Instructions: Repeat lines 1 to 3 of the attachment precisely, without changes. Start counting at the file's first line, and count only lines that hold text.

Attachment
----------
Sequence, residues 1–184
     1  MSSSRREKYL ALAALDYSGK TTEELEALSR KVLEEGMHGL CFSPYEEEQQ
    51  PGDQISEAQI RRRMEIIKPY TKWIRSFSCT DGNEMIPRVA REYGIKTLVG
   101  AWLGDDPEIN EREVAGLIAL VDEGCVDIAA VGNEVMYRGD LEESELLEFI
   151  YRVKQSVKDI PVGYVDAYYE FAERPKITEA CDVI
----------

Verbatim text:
Sequence, residues 1–184
     1  MSSSRREKYL ALAALDYSGK TTEELEALSR KVLEEGMHGL CFSPYEEEQQ
    51  PGDQISEAQI RRRMEIIKPY TKWIRSFSCT DGNEMIPRVA REYGIKTLVG